Sly Pigs and Lions

Wow. Just wow. Team Ineos progresses directly through to the Prada Cup final after the most thrilling race of this America’s Cup. It was a devastating performance by Ben Ainslie and his team of whooping lions who battled serious issues before the start with their cunningham or ‘sly-pig’ as we all know it (work it out if you don’t), seriously compromising their rig power especially downwind. But it was a masterclass of phase play on the shifts once again by Ben and Giles Scott who faced down an aggressive Jimmy Spithill who was clearly up for a fight, pulling every trick in the match-racing playbook to try and force penalty after penalty.

©Carlo Borlenghi / Studio Borlenghi

Prada looked rapid in a straight line but they simply couldn’t functionally sail the boat smoothly and the communications deficiencies were brutally exposed in the white-hot heat of battle against the best sailors in the tournament. In total we saw nine lead changes. Nine. Think about that. In the America’s Cup of old, you were lucky to get one. This was stunning racing.

Right off the start, Prada looked ragged. A small mis-timing gave the initial advantage to Ineos and Ainslie just nailed it. Give Ben an inch and he takes a mile but this was super-close racing and half way up the beat as the boats drag raced up on starboard desperately close, Spithill went for the first aggressive move. A big luff forced Ineos off to the right boundary but as the windward mark loomed, Prada made a terrible series of tacks and Ineos snuck under to get the overlap at the left gate and take a 2 second advantage.

Prada’s comms problems and this ridiculous dual helm system equalled slow board drops and at this level, it’s a serious handbrake. Quite simply, they have to change this system to have any chance against American Magic next weekend.

Downwind, with Ineos effectively at a power disadvantage with the cunningham fixed at a setting that Ben described as “just about right for upwind” it was all on Bleddyn Mon to try and work the main and stay in the game. He did an outstanding job. The lead jumped to 9 seconds. But on the second beat, it was a big shift at the bottom of the course that saw Prada sneak through on a big righty. By mark 3, Prada had negated the 9 seconds deficit and snatched a further 19 seconds and looked in a commanding position. It was hide-behind-the-sofa-time. Supporting Ineos isn’t for the feint-hearted.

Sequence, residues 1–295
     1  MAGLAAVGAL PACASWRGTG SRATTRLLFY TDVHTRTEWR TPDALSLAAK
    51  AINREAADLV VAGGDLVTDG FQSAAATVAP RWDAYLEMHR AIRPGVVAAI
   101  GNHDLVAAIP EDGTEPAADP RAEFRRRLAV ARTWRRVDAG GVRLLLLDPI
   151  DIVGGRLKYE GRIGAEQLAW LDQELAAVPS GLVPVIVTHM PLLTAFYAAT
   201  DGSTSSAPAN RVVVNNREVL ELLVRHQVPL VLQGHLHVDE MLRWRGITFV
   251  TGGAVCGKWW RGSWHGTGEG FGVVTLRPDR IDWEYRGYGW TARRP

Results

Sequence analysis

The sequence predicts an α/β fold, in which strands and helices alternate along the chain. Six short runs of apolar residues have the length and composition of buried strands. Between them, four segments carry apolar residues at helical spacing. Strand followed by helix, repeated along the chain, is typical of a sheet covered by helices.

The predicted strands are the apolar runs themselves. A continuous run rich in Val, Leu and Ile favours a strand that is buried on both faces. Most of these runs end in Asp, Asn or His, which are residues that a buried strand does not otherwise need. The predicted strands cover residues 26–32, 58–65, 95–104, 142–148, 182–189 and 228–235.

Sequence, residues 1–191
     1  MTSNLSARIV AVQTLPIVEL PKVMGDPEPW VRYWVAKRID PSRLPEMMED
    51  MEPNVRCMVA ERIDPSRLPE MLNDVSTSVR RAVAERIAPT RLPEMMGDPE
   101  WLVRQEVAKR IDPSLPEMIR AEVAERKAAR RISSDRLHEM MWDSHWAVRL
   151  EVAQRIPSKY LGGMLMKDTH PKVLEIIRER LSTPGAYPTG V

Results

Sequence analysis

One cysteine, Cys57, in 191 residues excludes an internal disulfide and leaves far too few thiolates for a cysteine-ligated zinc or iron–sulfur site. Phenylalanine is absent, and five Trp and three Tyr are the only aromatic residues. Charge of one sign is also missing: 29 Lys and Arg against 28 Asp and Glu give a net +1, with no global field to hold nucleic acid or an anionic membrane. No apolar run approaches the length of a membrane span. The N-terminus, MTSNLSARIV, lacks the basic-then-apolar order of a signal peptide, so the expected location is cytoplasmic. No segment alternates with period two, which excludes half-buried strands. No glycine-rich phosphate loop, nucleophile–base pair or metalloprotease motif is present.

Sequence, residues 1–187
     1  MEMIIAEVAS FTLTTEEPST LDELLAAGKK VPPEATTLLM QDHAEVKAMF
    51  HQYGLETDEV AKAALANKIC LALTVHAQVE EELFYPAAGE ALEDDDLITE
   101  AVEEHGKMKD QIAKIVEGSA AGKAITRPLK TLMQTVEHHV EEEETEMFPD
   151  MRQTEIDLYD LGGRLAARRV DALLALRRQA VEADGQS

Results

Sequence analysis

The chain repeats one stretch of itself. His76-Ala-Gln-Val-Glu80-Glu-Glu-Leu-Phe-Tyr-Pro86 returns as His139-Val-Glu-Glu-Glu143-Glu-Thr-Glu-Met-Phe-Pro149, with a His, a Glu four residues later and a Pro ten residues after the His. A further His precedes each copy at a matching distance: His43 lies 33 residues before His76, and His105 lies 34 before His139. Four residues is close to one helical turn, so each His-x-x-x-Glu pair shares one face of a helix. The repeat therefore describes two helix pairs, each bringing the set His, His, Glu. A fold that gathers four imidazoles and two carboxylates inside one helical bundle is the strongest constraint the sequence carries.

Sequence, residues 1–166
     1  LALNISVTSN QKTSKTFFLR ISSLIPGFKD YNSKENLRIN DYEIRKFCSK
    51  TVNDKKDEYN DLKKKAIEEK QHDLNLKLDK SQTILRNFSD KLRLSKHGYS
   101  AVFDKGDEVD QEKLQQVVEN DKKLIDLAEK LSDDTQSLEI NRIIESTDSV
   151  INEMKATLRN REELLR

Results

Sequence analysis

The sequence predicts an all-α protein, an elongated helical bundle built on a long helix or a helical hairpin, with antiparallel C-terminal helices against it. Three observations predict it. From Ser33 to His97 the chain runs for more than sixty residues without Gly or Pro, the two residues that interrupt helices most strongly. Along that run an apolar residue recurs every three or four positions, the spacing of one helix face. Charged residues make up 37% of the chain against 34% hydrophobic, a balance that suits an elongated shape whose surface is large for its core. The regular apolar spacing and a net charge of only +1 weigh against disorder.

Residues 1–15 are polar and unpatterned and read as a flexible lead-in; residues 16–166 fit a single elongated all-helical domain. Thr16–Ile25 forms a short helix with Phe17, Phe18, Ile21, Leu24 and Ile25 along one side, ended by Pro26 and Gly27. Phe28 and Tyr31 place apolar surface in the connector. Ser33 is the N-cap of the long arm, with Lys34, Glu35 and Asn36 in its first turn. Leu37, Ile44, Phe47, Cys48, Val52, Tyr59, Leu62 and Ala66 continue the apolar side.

©Ricky Wilson / Stuff.co.nz

Ineos kept it close though, calling the run to perfection and by the final leeward gate, the delta was just 10 seconds and it was all on. Both boats took the left hand gate (looking down the course) but crucially Ainslie called for a tough move. A move that Prada just couldn’t or wouldn’t match. A round up and immediate tack to get out of phase was a masterstroke and the crew executed it to perfection. Ineos lit the afterburner out to the left hand boundary, wrong-footing Prada who tactically looked all over the shop. Advantage Ineos. Brilliant.

With the wind up and down and banging around the dial as the south westerly filtered over the land, Prada miraculously narrowed the delta to just one second at the final gate, testament to their outright speed, and it was nail-biting stuff on the final run to the finish. This is where the tactician position was so crucial. Mapping out that final leg, it actually looked like a mis-step from Scott who was forced to call a cross on starboard meaning that Ineos, with a power disadvantage would have to nail the final cross when they came back on port gybe.